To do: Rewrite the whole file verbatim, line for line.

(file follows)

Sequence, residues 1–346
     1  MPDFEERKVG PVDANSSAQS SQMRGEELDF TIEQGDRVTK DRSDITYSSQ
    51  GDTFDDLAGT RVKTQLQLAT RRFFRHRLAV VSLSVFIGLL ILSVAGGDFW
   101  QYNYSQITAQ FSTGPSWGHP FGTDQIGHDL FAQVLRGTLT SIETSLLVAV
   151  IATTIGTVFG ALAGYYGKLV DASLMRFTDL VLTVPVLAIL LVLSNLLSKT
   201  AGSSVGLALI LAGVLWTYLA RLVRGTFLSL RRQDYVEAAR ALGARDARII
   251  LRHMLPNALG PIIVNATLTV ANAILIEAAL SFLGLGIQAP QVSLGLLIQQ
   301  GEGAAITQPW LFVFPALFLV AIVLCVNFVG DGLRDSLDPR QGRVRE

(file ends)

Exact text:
Sequence, residues 1–346
     1  MPDFEERKVG PVDANSSAQS SQMRGEELDF TIEQGDRVTK DRSDITYSSQ
    51  GDTFDDLAGT RVKTQLQLAT RRFFRHRLAV VSLSVFIGLL ILSVAGGDFW
   101  QYNYSQITAQ FSTGPSWGHP FGTDQIGHDL FAQVLRGTLT SIETSLLVAV
   151  IATTIGTVFG ALAGYYGKLV DASLMRFTDL VLTVPVLAIL LVLSNLLSKT
   201  AGSSVGLALI LAGVLWTYLA RLVRGTFLSL RRQDYVEAAR ALGARDARII
   251  LRHMLPNALG PIIVNATLTV ANAILIEAAL SFLGLGIQAP QVSLGLLIQQ
   301  GEGAAITQPW LFVFPALFLV AIVLCVNFVG DGLRDSLDPR QGRVRE